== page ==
Alba County has a rich heritage of wooden churches, remarkable for their traditional architecture. These churches have valuable interior paintings and decorations and they deserve to be recorded as characteristic elements of Romanian religious art. One of these churches is Lupsa Monastery.
Lupsa is a village situated on the road Abrud-Campeni-Turda and it is home to one of the oldest monastic establishments of Transylvania, the Lupsa Monastery. The large and green yard has a stone alley that leads the visitors to the little church that seems taken out of a fairy tale.
The settlement has played initially an important spiritual role in the area because the monks had for decades a strong connection with other old monastic communities from the northern side of Maramures and Moldova, from where they brought books for their religious services.
The construction of the wooden church of Lupsa began around 1421. In the mid eighteenth century, the monastery had only a few reclusive monks and they were wisely guided by Abbot Procopius. A few years later, the monastery was dissolved and the monks were banished by the Habsburg regime. The history of this religious settlement had another turning point in the XVIIIth century, when the church was in danger of being demolished, but in the end the Monastery was declared a historic monument and saved. The church was used by both Orthodox and Greek Catholics believers.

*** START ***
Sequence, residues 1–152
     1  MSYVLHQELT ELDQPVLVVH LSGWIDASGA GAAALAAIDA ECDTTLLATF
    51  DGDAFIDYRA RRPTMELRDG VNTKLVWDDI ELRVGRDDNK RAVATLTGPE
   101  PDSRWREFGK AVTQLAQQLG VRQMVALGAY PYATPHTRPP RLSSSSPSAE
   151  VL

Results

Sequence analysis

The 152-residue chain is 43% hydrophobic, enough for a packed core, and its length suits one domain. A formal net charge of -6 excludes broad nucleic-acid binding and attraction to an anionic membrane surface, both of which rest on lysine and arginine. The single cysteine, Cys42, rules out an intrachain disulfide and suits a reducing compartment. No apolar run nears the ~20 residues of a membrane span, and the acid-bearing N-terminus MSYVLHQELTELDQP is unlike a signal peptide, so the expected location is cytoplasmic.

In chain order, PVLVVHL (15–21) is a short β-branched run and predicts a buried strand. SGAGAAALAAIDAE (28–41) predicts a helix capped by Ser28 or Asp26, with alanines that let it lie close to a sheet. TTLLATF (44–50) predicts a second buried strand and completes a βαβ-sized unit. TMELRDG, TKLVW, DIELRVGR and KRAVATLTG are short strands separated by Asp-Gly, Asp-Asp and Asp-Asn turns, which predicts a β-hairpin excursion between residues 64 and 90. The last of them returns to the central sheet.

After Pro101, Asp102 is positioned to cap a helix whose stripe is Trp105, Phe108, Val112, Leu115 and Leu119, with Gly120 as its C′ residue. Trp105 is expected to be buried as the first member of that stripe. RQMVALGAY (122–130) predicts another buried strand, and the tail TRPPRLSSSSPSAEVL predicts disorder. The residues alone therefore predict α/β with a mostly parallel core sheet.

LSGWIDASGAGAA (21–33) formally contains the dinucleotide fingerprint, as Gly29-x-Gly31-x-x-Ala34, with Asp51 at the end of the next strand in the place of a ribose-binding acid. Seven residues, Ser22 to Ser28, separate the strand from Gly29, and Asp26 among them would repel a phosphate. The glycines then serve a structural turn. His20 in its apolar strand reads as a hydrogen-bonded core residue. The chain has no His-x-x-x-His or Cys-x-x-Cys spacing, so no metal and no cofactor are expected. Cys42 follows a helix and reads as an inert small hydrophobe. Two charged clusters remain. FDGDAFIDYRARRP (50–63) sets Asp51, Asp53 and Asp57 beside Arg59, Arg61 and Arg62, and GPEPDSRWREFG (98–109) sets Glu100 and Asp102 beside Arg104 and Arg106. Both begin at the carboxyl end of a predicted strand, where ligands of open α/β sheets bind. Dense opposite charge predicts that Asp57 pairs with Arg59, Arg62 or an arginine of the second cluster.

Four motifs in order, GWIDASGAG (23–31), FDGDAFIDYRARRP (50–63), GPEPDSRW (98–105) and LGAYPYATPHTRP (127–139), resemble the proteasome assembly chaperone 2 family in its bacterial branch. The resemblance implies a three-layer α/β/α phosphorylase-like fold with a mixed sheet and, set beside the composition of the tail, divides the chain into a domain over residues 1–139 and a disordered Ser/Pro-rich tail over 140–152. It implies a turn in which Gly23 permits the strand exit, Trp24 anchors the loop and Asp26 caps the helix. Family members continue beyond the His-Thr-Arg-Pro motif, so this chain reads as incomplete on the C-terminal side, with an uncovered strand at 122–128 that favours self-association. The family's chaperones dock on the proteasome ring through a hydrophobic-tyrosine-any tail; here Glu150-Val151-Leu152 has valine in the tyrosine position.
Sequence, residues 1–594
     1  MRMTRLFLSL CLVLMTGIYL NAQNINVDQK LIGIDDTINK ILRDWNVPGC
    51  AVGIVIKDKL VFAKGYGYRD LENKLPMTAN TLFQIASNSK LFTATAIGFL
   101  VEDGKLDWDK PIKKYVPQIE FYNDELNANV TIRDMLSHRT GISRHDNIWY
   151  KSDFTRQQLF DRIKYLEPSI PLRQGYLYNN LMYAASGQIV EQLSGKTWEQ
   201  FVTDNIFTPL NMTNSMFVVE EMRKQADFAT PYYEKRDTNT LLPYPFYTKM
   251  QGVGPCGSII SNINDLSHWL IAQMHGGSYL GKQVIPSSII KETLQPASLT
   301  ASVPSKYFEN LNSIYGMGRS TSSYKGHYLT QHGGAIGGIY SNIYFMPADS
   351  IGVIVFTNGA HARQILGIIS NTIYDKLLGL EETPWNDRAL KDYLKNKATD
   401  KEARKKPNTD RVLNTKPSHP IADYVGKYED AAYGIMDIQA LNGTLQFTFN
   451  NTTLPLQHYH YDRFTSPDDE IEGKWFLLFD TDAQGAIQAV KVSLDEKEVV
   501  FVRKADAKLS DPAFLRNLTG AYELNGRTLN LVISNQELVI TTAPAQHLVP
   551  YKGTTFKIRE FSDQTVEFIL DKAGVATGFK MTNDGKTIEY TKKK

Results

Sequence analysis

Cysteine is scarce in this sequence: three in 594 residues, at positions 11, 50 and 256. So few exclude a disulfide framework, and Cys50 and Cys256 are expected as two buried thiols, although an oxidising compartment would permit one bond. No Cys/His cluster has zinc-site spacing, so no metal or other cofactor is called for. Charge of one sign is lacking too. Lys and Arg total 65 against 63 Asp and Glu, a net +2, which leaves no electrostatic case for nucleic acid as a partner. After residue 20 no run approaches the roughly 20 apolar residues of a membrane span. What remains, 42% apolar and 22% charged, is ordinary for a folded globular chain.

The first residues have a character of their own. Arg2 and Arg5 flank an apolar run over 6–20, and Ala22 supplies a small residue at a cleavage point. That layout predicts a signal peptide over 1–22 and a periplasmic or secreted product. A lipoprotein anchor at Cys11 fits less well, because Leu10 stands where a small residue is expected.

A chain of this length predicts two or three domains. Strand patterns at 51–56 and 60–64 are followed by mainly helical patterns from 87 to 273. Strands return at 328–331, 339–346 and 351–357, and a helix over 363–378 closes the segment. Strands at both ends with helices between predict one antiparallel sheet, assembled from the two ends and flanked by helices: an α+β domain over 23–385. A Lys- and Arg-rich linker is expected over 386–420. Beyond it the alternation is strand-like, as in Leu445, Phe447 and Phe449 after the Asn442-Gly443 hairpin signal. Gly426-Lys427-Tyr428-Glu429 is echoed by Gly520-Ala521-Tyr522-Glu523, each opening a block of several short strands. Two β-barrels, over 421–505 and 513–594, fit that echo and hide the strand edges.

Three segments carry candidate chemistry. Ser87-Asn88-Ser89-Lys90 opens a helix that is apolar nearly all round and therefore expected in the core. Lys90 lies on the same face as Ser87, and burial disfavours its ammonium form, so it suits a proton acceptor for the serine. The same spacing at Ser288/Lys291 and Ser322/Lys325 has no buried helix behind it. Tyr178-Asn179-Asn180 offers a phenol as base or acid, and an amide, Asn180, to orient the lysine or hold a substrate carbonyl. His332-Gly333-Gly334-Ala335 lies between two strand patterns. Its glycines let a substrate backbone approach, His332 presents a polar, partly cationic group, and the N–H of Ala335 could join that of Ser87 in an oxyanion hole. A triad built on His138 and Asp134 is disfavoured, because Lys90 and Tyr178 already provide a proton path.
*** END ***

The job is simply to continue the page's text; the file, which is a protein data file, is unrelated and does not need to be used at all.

Hundreds of years ago the Romanians were forbidden by their overlords to build churches in stone so that they will not last for ages. Thus they started to use wood to build their churches. Built of oak, Lupsa Monastery is dedicated to the “Great Holy Hierarch Nicholas” and is considered to be the oldest and the best preserved wooden church in Transylvania. Lately, next to the church, other administrative buildings has been built: cells for the monks, a dining hall and a kitchen. Lupsa Monastery was and still is a lively place and between its walls, before 1820, functioned a school where young priests and religious singers were trained by monks.
The nearby people took advantage of this practice, because, along with the church school, they had the opportunity to take advantage of its glass painting workshops.
Tourist, pilgrim, or wanderer – start a journey from which you may come back with more questions than answers.